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Cherubini, Medea: Soloists,  Orchestra and Chorus Teatro Regio di Torino. Conductor: Evelino Pidó. Teatro Regio di Torino. 9.10.2008 (JMI)

New Production
Director: Hugo de Ana
Sets and Costumes: Hugo de Ana
Lighting: Pascal Merat


Medea: Anna Caterina Antonacci
Giasone: Giuseppe Filianoti
Glauce: Cinzla Forte
: Sara Mingardo
Creonte: Giovanni Battista Parodi

Turin opens its season this year with this rather unusual  opera by Cherubini, so linked to Maria Callas that we could almost talk of the Cherubini-Callas version, when referring  to the work in Italian.

It is curious that  Medea, or better  Medée, was premiered in Paris and in French yet whenever I have had the opportunity to see it, whether in France or Italy, it has been always in the Italian version. The origin of today’s most familiar version was   in Germany, where in 1854 Fritz Lachner changed the opera’s dialogues into recitatives; later Zangarini prepared an Italian text for the premiere at La Scala in 1909. As I said already,  this is the version that Maria Callas chose to put the work  into  the main operatic repertoire and it is  ‘her’ Medea  which has been sung by most of the top ranking sopranos ever since.

Medea is musically superior to most others written in the second half of 18th century (Mozart apart) and it calls attention powerfully to the dominant role  of the orchestra.. It succeeds of course principally on the stature of  the protagonist : either there is an exceptional Medea  or the opera loses much of  its interest. This is been the case ever since Callas and will continue to be.

Anna Caterina Antonacci as Medea

In Turin, Ana Caterina Antonnacci was once again sang the title role, as she  had done a few years back in Toulouse. Without a doubt she is  one of the few singer-actresses able to do  justice to the character and is in fact probably the best today in the role. Her  Medea was  very convincing, but I found her, as happened in Toulouse, lacking a certain viscerality.  Hers is a young and beautiful Medea who never loses her composure. With a far less rich voice, Denia Mazzola in Montpellier left the audience breathless, such was her strength and conviction. Antonacci is convincing of course  but she does not quite enrapture, although her voice has a particularly  beautiful middle range.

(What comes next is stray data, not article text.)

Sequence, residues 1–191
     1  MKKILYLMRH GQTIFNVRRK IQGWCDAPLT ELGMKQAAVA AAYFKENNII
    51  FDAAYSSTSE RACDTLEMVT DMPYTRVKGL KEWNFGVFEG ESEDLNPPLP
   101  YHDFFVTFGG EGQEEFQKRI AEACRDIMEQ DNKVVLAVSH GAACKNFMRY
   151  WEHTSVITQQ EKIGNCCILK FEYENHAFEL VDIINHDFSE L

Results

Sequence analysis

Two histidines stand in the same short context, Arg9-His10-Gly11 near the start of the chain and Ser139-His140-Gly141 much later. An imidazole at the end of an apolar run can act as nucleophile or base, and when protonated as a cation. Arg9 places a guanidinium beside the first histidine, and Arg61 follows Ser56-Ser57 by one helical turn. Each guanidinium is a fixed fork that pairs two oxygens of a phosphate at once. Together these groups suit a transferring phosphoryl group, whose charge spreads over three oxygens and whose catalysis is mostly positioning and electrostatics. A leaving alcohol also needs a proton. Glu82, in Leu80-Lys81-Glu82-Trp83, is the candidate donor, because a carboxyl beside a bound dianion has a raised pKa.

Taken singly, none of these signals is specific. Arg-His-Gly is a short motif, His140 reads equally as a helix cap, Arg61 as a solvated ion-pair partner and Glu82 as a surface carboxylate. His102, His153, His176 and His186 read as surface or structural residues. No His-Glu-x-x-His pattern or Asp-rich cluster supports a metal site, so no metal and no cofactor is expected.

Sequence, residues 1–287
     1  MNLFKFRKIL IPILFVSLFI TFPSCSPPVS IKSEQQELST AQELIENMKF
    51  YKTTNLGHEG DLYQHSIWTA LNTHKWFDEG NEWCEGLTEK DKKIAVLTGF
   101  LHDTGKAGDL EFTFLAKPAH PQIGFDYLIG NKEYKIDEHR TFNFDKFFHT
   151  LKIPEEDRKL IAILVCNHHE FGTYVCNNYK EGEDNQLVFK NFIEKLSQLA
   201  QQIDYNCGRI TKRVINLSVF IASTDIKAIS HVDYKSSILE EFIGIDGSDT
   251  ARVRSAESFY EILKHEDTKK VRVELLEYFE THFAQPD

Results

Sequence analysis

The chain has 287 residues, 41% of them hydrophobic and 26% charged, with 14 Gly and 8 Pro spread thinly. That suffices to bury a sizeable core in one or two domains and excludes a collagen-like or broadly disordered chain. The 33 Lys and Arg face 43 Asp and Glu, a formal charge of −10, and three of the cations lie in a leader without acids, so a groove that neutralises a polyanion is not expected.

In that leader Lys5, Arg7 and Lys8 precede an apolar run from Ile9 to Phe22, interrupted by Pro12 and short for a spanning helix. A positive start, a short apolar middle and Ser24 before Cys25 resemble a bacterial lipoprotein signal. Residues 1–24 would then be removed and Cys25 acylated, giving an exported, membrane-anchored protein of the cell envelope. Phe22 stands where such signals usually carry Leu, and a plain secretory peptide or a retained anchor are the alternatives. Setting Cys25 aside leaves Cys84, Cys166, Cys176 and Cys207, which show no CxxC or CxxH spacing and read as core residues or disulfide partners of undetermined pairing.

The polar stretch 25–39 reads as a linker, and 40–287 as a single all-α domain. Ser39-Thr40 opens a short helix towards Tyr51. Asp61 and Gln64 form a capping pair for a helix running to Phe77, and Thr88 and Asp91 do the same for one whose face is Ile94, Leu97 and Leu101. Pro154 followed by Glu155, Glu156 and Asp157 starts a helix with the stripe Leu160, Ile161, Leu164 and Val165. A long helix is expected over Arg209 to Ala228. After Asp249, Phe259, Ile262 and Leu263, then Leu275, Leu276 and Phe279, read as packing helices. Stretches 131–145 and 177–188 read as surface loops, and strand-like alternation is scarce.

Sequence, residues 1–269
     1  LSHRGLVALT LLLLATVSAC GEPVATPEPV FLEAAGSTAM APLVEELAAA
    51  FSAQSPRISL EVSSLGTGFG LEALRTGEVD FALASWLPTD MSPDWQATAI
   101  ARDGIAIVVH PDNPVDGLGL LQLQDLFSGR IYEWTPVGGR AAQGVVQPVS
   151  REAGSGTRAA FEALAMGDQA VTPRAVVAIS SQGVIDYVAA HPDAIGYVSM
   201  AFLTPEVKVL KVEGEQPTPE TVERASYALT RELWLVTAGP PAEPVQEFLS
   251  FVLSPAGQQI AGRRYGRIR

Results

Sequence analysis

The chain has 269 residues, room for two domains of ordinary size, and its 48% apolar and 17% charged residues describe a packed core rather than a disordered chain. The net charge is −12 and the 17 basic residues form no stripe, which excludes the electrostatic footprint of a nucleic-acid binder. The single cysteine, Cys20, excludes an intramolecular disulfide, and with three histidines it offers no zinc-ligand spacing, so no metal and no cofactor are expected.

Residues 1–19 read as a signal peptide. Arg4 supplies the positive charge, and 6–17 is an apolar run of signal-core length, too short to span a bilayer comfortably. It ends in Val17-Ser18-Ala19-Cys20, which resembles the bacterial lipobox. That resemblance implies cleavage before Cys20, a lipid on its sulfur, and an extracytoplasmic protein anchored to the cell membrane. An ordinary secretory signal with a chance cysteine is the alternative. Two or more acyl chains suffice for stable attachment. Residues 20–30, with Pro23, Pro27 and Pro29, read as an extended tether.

Hugo de Ana’s production offers a timeless drama  or, at least, this is what he said in an interview. In fact, the costumes, except for those for Medea and Neris, correspond the first two decades of the 1900s. In the same interview De Ana also says that Medea could be set in any location, even on the Moon. With that in mind, he  decides to stage it on a rough beach. This is where Glauce and her friends have their picnic and where the wedding banquet takes place, after which we see a boat (The Argonauts?) aground on the beach. Later the boat becomes Medea’s home. It’s more a serviceable production than a truly bright idea.

Evelino Pidó gave a good reading of the opera, offering the  necessary dramatic intensity. He was very good in the purely orchestral passages, particularly the overture. He drew a very good performance from the  Orchestra and Chorus of Turin’s Teatro Regio. The result was good but perhaps even more passion may  be needed when  conducting this opera.

The rest of the cast is of a lesser importance in Medea. Among them we had Giasone, interpreted by Giuseppe Filianoti. It was something of a surprise to find him in this role, both because he is usually the main character in the operas he sings and also because Giasone requires a heavier voice than Filianoti’s. His voice keeps its beautiful center and its  slightly small upper register.

As the bereaved Neris,  Sara Mingardo sang her second act aria with sensitivity and great good   and  Cinzia Forte was a more than adequate Glauce,  although some hardness in the higher notes. Giovanni Battista Parodi as Creonte  proved again that what he  has gained in vocal volume he has lost  in quality. Not the best of  changes. There was a full house with a great success for Antonacci,  and a nicely favourable response to  Evelino Pidó.

Jose M. Irurzun

Pictures:  Ramella and Giannese ©  Fondazione Teatro Regio di Torino

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